Please use this identifier to cite or link to this item: http://hdl.handle.net/11434/48
Title: INCOG Recommendations for management of cognition following traumatic brain injury. Part IV: Cognitive communication
Epworth Authors: Ponsford, Jennie
Other Authors: Togher, Leanne
Wiseman-Hakes, Catherine
Douglas, Jacinta
Stergiou-Kita, Mary
Teasell, Robert
Bayley, Mark
Turkstra, Lyn
Keywords: Traumatic Brain Injury
Cognitive Comunication
Rehabilitation
Assistive Technology
Group Treatment
Person-Centered Treatment
INCOG
Recommendations
TBI
Monash-Epworth Rehabilitation Research Centre, Richmond, Victoria, Australia.
Issue Date: Jul-2014
Citation: J Head Trauma Rehabil. 2014 Jul-Aug;29(4):353-68
Abstract: Cognitive-communication disorders are common in individuals with traumatic brain injury (TBI) and can have a major impact on long-term outcome. Guidelines for evidence-informed rehabilitation are needed, thus an international group of researchers and clinicians (known as INCOG) convened to develop recommendations for assessment and intervention. Methods: An expert panel met to select appropriate recommendations for assessment and treatment of cognitive-communication disorders based on available literature. To promote implementation, the team developed decision algorithms incorporating the recommendations, based on inclusion and exclusion criteria of published trials, and then prioritized recommendations for implementation and developed audit criteria to evaluate adherence to best practice recommendations. Results: Rehabilitation of individuals with cognitive-communication disorders should consider premorbid communication status; be individualized to the person's needs, goals, and skills; provide training in use of assistive technology where appropriate; include training of communication partners; and occur in context to minimize the need for generalization. Evidence supports treatment of social communication problems in a group format. Conclusion: There is strong evidence for person-centered treatment of cognitive-communication disorders and use of instructional strategies such as errorless learning, metacognitive strategy training, and group treatment. Future studies should include tests of alternative service delivery models and development of participation-level outcome measures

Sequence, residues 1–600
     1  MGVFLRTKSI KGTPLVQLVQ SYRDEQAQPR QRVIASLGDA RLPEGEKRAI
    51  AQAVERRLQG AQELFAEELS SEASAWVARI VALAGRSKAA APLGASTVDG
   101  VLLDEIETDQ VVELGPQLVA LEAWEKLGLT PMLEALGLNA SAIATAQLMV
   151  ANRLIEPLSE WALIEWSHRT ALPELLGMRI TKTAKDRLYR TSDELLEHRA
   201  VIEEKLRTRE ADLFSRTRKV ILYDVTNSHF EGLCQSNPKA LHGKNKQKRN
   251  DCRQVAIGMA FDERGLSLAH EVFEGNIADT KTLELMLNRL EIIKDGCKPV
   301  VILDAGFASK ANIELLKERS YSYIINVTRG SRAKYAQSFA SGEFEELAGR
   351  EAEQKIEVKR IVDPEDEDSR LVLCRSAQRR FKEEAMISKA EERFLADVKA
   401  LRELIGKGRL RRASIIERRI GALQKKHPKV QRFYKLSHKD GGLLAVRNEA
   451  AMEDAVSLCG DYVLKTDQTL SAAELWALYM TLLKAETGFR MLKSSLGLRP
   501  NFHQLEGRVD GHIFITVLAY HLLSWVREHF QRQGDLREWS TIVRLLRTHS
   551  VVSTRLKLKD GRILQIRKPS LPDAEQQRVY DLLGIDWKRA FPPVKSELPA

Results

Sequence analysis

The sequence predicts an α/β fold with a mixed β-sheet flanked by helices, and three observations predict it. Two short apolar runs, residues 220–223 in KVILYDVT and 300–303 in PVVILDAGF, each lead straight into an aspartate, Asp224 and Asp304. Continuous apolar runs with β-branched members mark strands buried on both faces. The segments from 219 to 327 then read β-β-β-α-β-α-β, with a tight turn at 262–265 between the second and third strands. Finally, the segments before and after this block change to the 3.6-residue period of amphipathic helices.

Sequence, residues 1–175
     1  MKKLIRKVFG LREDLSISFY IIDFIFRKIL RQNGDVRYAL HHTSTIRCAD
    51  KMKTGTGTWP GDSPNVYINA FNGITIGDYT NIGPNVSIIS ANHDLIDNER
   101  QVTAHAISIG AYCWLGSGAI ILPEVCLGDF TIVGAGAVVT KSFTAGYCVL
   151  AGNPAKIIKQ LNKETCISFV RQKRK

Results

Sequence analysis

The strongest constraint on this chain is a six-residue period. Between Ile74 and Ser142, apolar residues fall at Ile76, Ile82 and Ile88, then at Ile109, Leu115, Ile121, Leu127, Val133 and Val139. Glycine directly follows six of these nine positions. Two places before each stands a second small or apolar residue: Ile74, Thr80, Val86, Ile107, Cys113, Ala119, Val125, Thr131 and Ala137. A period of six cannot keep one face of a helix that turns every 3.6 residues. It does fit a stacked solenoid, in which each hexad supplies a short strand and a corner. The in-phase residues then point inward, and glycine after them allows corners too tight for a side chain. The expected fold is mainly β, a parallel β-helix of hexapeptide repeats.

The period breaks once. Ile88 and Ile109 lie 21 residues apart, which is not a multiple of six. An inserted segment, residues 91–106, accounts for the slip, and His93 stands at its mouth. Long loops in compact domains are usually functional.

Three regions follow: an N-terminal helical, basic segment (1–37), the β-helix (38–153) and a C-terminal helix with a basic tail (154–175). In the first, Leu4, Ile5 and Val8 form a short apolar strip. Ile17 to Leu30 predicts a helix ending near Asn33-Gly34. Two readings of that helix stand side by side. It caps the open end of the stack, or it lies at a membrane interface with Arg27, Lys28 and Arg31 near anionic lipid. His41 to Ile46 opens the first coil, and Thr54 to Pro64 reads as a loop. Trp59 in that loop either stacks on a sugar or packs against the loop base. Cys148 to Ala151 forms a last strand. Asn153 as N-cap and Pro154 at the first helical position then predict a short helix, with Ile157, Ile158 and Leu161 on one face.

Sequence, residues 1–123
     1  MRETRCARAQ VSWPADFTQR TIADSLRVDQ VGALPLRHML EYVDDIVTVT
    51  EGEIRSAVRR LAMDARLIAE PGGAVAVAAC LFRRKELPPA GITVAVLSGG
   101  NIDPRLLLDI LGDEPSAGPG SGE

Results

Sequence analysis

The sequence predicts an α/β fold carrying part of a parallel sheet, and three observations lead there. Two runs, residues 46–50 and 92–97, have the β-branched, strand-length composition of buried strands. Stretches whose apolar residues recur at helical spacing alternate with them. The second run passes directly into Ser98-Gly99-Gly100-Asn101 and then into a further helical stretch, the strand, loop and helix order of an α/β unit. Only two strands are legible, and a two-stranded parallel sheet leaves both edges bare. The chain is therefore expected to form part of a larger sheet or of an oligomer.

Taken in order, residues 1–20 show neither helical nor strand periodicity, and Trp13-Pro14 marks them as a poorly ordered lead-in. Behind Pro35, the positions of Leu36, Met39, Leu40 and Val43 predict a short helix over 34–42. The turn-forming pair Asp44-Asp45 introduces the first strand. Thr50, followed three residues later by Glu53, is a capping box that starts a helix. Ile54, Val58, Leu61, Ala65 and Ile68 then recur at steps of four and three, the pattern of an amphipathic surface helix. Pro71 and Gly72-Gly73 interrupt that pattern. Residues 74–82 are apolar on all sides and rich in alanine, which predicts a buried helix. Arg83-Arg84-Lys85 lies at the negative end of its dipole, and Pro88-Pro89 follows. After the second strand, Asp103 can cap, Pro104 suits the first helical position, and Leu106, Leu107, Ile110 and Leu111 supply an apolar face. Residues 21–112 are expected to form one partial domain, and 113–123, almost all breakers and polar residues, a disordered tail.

URI: http://hdl.handle.net/11434/48
DOI: 10.1097/HTR.0000000000000071
ISSN: 0885-9701
Journal Title: Journal of Head Trauma Rehabilitation
Type: Journal Article
Appears in Collections:Neurosciences
Rehabilitation

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